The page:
Avocado Fries – avocado is all the rage, and you’ll find tonnes of your fellow students are buying up all the stocks in the local supermarkets, but there’s more than one way to enjoy this versatile little fruit. Click here to discover the secret to avocado perfection – the humble McCain oven chip. Coat them in avocado blend and cover with breadcrumbs. Fry them up and you’ve got a delicious avocado-based snack food, with a zing of spice at its core.

 photo potato-wedges-843311_1920_zpsi2uqqlqi.jpgGarlic & Herb Wedges – probably the simplest dish on this list. Start by slicing up some potato into wedges and spreading on a baking tray, then finely chop garlic and mix with sea salt and cracked black pepper. Sprinkle this generously over your chips before seasoning with thyme and a drizzle of olive oil. Bake for 45 minutes and you’ll have the perfect starter sorted.

Poutine – if you really want to impress your housemates, why not embrace the Canadian way of life by cooking up some Poutine. Poutine is essentially cheese curd melted over fries then soaked in gravy – Bisto Granules are a great way to make delicious gravy in a flash. It’s a taste sensation, and you’ll be able to introduce it to all your friends too.

Nacho Chips – a great party food that’s easy to make, this dish is basically the same concept as cheese and salsa nachos but with chips instead. Simply melt grated cheese over a plate of wedges before covering in a home-made salsa of chopped tomatoes, chillies, red onion, garlic and lime juice. The result: a more filling alternative to nachos that’ll tide you over during even the heaviest Freshers night out.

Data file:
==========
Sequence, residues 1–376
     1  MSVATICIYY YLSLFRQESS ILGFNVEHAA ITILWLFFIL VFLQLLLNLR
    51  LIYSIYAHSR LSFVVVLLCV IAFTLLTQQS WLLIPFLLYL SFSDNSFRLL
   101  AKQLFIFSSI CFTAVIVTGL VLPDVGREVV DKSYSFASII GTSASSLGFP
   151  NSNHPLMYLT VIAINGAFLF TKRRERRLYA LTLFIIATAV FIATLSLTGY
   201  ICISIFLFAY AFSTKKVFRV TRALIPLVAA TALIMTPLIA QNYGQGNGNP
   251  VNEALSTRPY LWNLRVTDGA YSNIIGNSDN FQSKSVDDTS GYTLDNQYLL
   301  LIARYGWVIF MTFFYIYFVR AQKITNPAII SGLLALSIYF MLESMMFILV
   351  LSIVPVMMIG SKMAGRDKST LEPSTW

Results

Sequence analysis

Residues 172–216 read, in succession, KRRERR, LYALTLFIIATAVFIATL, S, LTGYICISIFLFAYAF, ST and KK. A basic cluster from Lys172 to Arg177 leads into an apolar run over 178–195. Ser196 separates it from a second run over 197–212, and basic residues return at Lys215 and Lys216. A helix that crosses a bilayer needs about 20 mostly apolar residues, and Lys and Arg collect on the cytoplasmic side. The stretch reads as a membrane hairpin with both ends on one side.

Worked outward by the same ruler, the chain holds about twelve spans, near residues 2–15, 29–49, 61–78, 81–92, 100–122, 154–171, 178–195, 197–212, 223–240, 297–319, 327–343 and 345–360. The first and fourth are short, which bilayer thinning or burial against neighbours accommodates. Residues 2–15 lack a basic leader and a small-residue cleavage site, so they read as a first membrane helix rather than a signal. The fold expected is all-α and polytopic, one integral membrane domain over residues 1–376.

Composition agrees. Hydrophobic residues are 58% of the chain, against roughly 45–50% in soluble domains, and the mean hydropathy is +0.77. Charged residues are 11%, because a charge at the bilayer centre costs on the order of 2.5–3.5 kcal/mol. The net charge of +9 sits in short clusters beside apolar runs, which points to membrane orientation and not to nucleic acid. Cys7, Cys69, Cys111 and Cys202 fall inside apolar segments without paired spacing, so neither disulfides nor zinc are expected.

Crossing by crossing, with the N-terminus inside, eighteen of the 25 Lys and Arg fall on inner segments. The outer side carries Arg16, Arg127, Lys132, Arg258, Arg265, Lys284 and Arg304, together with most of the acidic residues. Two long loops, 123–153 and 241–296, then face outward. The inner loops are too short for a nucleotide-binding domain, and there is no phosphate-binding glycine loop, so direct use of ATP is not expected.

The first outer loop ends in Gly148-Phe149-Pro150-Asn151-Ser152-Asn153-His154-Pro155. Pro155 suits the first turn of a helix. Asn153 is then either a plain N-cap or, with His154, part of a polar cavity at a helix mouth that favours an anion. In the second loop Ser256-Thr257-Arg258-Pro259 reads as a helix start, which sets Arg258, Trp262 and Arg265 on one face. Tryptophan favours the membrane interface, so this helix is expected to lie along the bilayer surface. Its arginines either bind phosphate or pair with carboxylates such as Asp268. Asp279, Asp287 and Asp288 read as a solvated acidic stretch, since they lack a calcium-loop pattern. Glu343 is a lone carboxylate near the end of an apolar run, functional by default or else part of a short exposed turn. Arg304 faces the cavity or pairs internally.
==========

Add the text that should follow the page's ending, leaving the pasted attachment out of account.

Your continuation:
photo fried-eggs-456351_1920_zpsxum3qrrj.jpgBreakfast Fry Up – there’s nothing quite like a fry-up to get you over the long nights out. Everyone will have their own way of doing it, but yours will truly stick in their memories. This fry-up begins with a bed of hot, buttered toast which is then followed by two fried eggs. Sprinkle with crumbled feta, chili flakes and fresh basil and you’ve got yourself the ultimate hangover breakfast. A pot of beans on the side for dipping wouldn’t go amiss, either.